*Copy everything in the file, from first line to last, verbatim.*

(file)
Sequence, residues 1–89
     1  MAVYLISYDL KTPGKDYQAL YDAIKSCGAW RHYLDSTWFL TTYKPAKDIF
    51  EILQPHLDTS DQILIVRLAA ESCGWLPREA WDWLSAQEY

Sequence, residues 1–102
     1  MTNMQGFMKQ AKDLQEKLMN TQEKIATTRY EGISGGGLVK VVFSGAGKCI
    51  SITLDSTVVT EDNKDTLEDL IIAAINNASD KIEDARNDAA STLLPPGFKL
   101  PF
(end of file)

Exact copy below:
Sequence, residues 1–89
     1  MAVYLISYDL KTPGKDYQAL YDAIKSCGAW RHYLDSTWFL TTYKPAKDIF
    51  EILQPHLDTS DQILIVRLAA ESCGWLPREA WDWLSAQEY

Sequence, residues 1–102
     1  MTNMQGFMKQ AKDLQEKLMN TQEKIATTRY EGISGGGLVK VVFSGAGKCI
    51  SITLDSTVVT EDNKDTLEDL IIAAINNASD KIEDARNDAA STLLPPGFKL
   101  PF